Business leaders on Saturday urged the government to reorganise its economic and development policies in line with the changed global scenario amid the COVID-19 pandemic to protect jobs and livelihoods.
They sought proper implementation of the governmentannounced stimulus package to curb the rise in unemployment at a webinar on ‘Bi-annual Economic State and Future Stance of Bangladesh Economy: Private Sector Perspective’ organised by the Dhaka Chamber of Commerce and Industry.
‘The world economy is going through a change and many countries are looking for an alternative sourcing country other than China. We need to revisit our total industrial policy, including export and import policies, to tap into the potentials of the changed global situation,’ former DCCI president Abul Kasem Khan said.
He said that the country’s informal sectors should be brought under the government’s stimulus package considering their contributions to employment generation and the nation’s gross domestic product.
Kasem said that the false COVID-19 test reports were also hampering the employment of Bangladeshis overseas and the government should address the issue.
He urged the government to address the supply side constraints to attract foreign direct investment.
Kasem also demanded a reform in the tax policy, saying that Bangladesh was losing its competitiveness due to the existing tax structure.
‘We need to be connected with ASEAN and the free trade agreements should be effective,’ he added.
‘Investment for research and development in industries should be tax-free,’ he said.
Policy Exchange chairman Masrur Reaz said that overall employment protection was important for the country as 1.6 crore people had already lost their jobs due to the COVID-19 outbreak.
‘If the unemployment rate continues to increase, the country will lose its economic prosperity due to a lack of domestic demand,’ he said.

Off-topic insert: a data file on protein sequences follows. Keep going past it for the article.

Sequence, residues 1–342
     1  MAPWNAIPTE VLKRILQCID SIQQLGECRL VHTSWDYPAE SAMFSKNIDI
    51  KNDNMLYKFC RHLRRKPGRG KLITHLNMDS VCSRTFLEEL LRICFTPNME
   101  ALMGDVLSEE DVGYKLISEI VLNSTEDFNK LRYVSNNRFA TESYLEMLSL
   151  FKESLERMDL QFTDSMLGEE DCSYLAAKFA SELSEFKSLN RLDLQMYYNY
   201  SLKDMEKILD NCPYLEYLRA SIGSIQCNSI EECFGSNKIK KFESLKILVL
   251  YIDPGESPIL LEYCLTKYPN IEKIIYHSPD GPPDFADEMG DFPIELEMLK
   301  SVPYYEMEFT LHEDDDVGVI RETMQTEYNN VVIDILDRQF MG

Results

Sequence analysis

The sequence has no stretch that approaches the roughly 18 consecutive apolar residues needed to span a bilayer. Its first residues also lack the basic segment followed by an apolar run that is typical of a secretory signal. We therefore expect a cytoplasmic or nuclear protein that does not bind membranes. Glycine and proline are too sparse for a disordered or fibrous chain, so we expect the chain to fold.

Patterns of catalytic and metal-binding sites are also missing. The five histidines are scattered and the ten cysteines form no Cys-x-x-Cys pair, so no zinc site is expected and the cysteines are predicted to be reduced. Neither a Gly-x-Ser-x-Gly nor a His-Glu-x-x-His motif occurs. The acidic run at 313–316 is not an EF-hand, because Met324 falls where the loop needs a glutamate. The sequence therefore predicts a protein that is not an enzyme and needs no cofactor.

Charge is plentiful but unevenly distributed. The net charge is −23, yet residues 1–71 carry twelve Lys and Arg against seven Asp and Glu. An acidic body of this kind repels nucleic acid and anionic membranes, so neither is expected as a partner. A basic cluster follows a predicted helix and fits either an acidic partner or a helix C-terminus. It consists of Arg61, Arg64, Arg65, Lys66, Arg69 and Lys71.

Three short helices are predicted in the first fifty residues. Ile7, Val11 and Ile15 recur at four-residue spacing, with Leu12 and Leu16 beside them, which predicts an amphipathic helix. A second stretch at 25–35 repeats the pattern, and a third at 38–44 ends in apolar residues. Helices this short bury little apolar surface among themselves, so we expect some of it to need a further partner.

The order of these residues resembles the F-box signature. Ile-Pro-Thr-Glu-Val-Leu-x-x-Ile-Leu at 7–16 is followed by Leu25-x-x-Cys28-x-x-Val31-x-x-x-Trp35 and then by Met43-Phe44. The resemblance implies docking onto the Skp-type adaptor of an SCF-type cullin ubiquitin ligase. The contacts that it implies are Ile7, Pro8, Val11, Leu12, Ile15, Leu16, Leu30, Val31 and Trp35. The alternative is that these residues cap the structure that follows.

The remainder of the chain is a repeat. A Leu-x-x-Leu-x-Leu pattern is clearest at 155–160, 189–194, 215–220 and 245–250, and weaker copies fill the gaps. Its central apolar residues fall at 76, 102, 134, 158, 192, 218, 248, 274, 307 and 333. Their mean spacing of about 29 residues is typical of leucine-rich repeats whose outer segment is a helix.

Masrur suggested that the tax burden on businesses should be reduced to attract FDI alongside lowering the multiple VAT rates for the SMEs.
He also emphasised governance in the banking sector, saying that the financial sector had been struggling with non-performing loans for a long time.
He also suggested that the bond market should be developed to ensure private sector finance.
Former DCCI president Hossain Khaled said that the government’s high bank borrowing might slow down credit flow to the private sector.
He said that the industries were trying hard to keep existing jobs safe and the banks and industries should run handinhand in that case.
He demanded scrapping of the provision of advanced tax, saying that ‘Only Bangladesh collected AT from businesses but there is no guarantee how long we will live amid the pandemic.’
DCCI president Shams Mahmud said that more focus needed to be given on sourcing funds from external sources and reduce dependency on bank borrowing to mitigate the deficit budget.
He also suggested that the source tax for export-oriented sectors should be reduced to 0.25 per cent.
Shams emphasised restoration of the GSP facility Bangladesh enjoyed in the United States, eliminating non-tariff barriers with partners through strong diplomatic initiatives, creation of FTA and PTA with potential partners.
Chittagong Stock Exchange Ltd chairman Asif Ibrahim said that GDP-market capitalisation in Bangladesh only accounted for a mere 11.1 per cent which was not up to the expected level.
For long term project financing, an effective bond market would be a key player, he said.
Asif requested all the commercial banks to inject at least Tk 200 crore in the stock market in compliance with the directives of the Bangladesh Bank.
‘It is true, we need reforms in line with the present situation and the government is doing so,’ planning minister MA Mannan said.
Citing the issue of false COVID-19 test reports, he said that the achievement of the government could not be tarnished due to the wrongdoings of a few people.
The minister said that there had been problems in the beginning of the coronavirus outbreak but the government was back on track and now hospital beds and oxygen supply were available for patients.
Regarding governance in the financial sector, the minister said that good governance was a fruit of longterm output, and the government was on the right path.
Emphasising policy reforms, the minister stressed the need to look at policies adopted in the east for better regional gains.
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